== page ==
Female finches stressed by bad mating choice
Female Goudlian finches find it hard to make the best of a bad mating decision when the pickings are slim.
LIKE SO MANY long-suffering wives, exasperated female finches feel the stress of being saddled with a poor quality mate, Australian researchers have found.
Monogamous Gouldian finches mate for life, but do not always end up with the most compatible partner.
Dr Simon Griffith, from Macquarie University, Sydney and colleagues, observed how some females were forced to take what they could get after all the high quality males had been snapped up.
Tests showed these birds had stress hormone levels three to four times higher than the luckier females with good quality partners. The response was rapid, occurring within 12 hours of initial contact, and lasted many weeks.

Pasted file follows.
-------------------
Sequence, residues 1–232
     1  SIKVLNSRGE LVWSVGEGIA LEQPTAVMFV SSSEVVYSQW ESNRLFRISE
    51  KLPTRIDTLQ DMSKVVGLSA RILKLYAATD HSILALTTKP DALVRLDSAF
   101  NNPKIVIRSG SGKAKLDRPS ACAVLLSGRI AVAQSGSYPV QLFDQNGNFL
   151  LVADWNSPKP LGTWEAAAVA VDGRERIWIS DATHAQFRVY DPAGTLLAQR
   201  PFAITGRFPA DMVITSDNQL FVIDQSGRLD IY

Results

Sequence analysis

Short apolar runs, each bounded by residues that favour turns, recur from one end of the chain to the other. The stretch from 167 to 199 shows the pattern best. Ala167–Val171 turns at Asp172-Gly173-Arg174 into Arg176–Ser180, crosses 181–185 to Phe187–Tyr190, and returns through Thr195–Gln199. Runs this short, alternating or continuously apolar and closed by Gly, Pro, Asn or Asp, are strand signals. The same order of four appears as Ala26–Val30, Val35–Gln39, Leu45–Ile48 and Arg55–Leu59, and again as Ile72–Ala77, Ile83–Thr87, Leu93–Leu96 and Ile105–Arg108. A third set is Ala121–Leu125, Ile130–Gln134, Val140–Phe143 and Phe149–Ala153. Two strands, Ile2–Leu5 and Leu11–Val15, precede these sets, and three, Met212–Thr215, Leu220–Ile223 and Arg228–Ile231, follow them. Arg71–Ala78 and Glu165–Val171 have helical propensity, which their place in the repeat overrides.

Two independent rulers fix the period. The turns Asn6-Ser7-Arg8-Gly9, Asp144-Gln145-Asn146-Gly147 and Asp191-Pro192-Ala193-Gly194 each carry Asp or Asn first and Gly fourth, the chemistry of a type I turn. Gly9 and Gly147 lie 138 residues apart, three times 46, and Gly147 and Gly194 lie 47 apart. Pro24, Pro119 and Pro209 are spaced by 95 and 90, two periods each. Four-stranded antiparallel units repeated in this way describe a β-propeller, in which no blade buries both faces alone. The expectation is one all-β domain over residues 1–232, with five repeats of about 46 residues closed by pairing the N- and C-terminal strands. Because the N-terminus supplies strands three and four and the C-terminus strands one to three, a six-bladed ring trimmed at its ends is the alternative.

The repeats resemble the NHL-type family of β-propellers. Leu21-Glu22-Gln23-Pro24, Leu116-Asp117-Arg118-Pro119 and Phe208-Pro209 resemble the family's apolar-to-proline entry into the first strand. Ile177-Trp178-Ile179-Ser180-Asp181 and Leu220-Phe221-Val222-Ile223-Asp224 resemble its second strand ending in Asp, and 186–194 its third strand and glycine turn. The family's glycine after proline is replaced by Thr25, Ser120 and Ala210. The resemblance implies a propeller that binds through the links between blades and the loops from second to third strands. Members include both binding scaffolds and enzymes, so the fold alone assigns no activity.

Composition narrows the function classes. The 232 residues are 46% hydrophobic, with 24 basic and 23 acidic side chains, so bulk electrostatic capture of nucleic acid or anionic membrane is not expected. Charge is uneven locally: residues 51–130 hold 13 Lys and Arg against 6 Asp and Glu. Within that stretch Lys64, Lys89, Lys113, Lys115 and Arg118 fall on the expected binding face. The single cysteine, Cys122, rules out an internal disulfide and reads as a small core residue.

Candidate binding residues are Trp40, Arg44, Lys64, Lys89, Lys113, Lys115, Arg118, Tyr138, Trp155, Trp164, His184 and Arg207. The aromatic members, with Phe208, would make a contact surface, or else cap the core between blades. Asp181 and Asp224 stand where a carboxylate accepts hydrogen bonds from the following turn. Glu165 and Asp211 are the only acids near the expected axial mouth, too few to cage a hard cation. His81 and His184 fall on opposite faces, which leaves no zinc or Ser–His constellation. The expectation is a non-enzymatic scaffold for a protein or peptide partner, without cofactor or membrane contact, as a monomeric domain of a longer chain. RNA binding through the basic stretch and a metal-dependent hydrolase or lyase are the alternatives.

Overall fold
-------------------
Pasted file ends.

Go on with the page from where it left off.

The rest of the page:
Being paired with a poor quality partner also had an effect on reproduction. Dissatisfied finches took significantly longer to lay their first eggs than those that were happier.
“Females that pair with poor quality partners do so on their own choosing, but the stress response we have demonstrated here reflects the internal conflict that underlies their decision – these females are making the best of a bad situation and are dissatisfied with their partner although he does represent a better option than not breeding at all,” the researchers wrote in the journal Proceedings of the Royal Society B: Biological Sciences.
Best of a bad situation
The researchers set up two experimental situations in which finches were either allowed to pair up naturally, or placed in “arranged marriages”. In both cases, females finding themselves with mates they considered to be of poor quality experienced a rise in stress hormone levels.
Gouldian finches come in two varieties, with easily identifiable red and black heads.
Previous reserach has shown that the different strains are genetically incompatible, and offspring of mixed pairings have an up to 80 per cent higher mortality rate. Female finches much prefer to mate with males that have the same head colouring as themselves.